I used to talk a lot about frugality here. In the last couple of years, that changed. In my own life, I realized I hadn’t focused enough on earning more income. So I wrote about why frugality isn’t enough, I shared that I was reading 17 books in 2017 on personal finance. And I wrote about investing small amounts of money.
But recently, our family has had to work on saving money again. Hubby had a stroke a year ago, and we’re still paying off medical bills. I also had some bills I was working on paying off. And then, two months ago our mortgage payment went up over $400 overnight (local tax increase).
I’m thankful that during different points of my life, I’ve learned how to live on less. Frugality, even extreme frugality, can be fun when you’re working on a goal. (It kinda bites when it has to go on and on forever!)
So in the last two months I’ve gotten super cheap again. Here’s how.
Saving Money on Groceries
The grocery budget is one easy way to get fast wins in the spending category. My family, being larger than average (there are 9 of us and we often have extra kids over), spends a lot of money on food. Even though I cook and avoid packaged foods, we still spend a ton.
I decided to do a couple of things to reel in the food spending.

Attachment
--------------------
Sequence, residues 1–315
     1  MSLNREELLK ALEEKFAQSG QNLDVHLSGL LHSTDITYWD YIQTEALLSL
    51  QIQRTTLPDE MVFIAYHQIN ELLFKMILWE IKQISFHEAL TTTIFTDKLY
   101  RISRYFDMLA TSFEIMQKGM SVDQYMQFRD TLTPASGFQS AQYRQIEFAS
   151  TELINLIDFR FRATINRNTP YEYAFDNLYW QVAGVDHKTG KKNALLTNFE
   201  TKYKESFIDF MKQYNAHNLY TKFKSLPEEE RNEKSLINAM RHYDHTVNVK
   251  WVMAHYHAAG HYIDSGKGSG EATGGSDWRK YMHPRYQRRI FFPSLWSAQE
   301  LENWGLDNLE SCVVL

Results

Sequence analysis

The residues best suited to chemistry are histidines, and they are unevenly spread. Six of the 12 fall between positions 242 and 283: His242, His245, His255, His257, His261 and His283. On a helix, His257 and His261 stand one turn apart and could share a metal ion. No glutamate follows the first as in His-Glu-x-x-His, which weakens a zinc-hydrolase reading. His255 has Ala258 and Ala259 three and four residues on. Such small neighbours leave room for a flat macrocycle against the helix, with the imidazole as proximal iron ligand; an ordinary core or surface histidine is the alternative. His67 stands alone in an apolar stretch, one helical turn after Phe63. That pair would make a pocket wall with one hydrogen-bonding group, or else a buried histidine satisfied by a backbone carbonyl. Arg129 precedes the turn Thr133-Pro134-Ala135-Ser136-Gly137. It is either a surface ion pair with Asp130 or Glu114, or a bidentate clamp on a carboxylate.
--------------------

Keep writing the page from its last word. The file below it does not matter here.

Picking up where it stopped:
Firstly, I started going back into ALDI to shop the sale items. Even though I love using Instacart and don’t find that it increases my spending, it’s not possible to shop the sales using Instacart. Also, I realized that because I’m not physically swiping the debit card, I experience less “pain of paying”. (Google it if you want to know what that means! Turns out we experience activity in the pain centers of our brain when we pay cash, less so when we pay debit, and no pain at all when we swipe a credit card. Explains a lot!)
So last month I only ordered mainstay items (bread, butter, eggs, milk, etc) from Instacart, but went into the store to take advantage of the sale items.
Secondly, I challenged myself to use up everything in the freezer. I had a dozen packages of frozen ground turkey, which my family has patiently been eating while we work through it. (Note to self: the family hates ground turkey. Don’t buy it again.)
A freezer challenge is pretty simple. I write down everything that’s in there, then plan meals around those ingredients, doing my best to buy as few items as possible to round out the recipe or meal. It does have the effect of working those “creative cook” muscles.
January and February (and now, March) have been no spend months. The only purchases I’ve made were needful items for the big kids (clothing, personal care items, haircuts). I stayed out of coffee shops (except for last week when I treated myself to a latte while working on my taxes for a few hours). No clothing purchases. I didn’t get my toes done. I did buy Rachel Holllis’ new book, coming out in March. But that’s it! 😉
Funny how spending money can become a habit. And not spending can also be a habit. When I decide not to spend any money at all, I don’t have any decision fatigue. The decision has been made for the month!
My clothing has begun to get even too minimal even for me. I had to throw out a pair of flats that blew out, and a couple of shirts that developed holes. I’ll break the spending fast to buy a couple of spring wardrobe items.
What’s your favorite way to tighten your belt for a bit?